Zero to Tech

Somehow along the way in my unvaried career (I say “unvaried” because I’ve worked in one library or another since I was sixteen), I became a techie person.  I came to this realization as I was shopping online for yet another computer and was reading reviews and model specs.  I actually knew what they were talking about.  How very strange.

Why do I find this so surprising?  Because when I was a kid even though my brother had every video game system you could imagine, I wasn’t interested.  I was too busy making up stories with my stuffed animals and Barbies to be bothered with that.  The condition got worse in high school because my dad wouldn’t let me take any computer classes.  He was afraid it would drop my GPA.  I really needed a high GPA to get a college scholarship because, goodness knew, I wasn’t getting one because of my athletic ability.  Same rules applied in college.  As if you couldn’t guess, Dad cared a lot about good grades.  He didn’t make this rule because I was a girl.  Andy, my brother, wasn’t allowed to take these classes either.  This really didn’t affect Andy at all because he thought it was “fun” to teach himself how to put together a motherboard.

As a result, everything I’ve learned about computers and technology has been through trial and error.  There been some major errors along the way.  When I was in college for reasons that are still unclear, I crashed my laptop and lost the very first draft of Maid of Murder. This was a traumatic event, which has scarred me to this day.

More recently, I once turned off the library server, thinking, “Shoot, what’s the worst thing that could happen?”  What can happen is you get a very angry phone call from the vendor that manages the server, telling you, “Don’t do that again or else.”  Might I add I wasn’t alone in this, the IT guy thought it was a good idea at the time too.  It wasn’t, trust me.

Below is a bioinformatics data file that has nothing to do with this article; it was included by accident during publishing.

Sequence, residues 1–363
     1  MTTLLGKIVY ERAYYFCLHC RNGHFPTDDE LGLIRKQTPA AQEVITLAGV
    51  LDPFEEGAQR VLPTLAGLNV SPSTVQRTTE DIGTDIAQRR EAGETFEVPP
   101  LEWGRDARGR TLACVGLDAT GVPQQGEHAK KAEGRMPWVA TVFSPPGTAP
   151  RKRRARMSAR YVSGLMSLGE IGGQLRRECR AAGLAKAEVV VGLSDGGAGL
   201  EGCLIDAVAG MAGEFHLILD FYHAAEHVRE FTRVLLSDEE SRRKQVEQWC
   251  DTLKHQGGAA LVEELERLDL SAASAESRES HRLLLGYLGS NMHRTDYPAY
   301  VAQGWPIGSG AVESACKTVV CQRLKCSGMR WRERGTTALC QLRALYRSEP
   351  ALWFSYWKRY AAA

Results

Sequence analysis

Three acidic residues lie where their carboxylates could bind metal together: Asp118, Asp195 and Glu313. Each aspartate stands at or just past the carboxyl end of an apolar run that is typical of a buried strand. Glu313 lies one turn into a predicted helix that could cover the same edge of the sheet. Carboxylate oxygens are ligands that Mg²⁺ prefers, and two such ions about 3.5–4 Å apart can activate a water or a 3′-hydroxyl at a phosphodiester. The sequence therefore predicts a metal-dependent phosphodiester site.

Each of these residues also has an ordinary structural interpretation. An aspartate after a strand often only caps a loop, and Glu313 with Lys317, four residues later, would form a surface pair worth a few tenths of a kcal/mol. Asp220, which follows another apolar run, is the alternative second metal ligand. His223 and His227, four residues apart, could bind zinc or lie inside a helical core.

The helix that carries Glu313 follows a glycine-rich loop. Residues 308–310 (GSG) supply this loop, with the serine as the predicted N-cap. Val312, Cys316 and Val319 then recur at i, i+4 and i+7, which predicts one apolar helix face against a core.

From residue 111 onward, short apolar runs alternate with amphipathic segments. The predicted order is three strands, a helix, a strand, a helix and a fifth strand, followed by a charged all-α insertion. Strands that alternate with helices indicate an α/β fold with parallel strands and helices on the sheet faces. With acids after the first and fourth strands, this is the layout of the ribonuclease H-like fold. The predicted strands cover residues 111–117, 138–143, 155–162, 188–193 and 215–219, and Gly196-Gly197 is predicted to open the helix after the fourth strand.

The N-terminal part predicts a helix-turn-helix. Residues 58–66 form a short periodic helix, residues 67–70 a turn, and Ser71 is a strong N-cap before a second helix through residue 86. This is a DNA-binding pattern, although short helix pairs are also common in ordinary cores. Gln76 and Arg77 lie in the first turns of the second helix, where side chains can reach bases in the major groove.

However recently, I bought a new netbook and was able to load all the programs I needed and hook it up to my network all by myself.  I know, I know you super techs out there are guffawing at this minor achievement, but it was a big moment for me.  Oh and okay, I did send my brother some frantic text messages while doing it because I couldn’t remember my network’s password, which he, a true techie, originally set up.  Sadly, he couldn’t remember it either.

Even though I know more now than I did ten years ago, I am by no means an expert.  What I am good at is asking for help and am blessed to have friends who know a lot more than I do about computers, servers, websites, and the like.  You know who you are.

Oh, and Andy, I expect you to install the new desktop for Mom.  Just because I know how to do it… doesn’t mean I want to.

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One thought on “Zero to Tech

  1. Oh Amanda you are so good at what you do! 🙂
    This blog is wonderful, it is a chance to get to know you better, something that I really never gor a chance to do. I keep the look of your smile in my head when ever I feel down. Keep on turning off servers and learning. You are the best.

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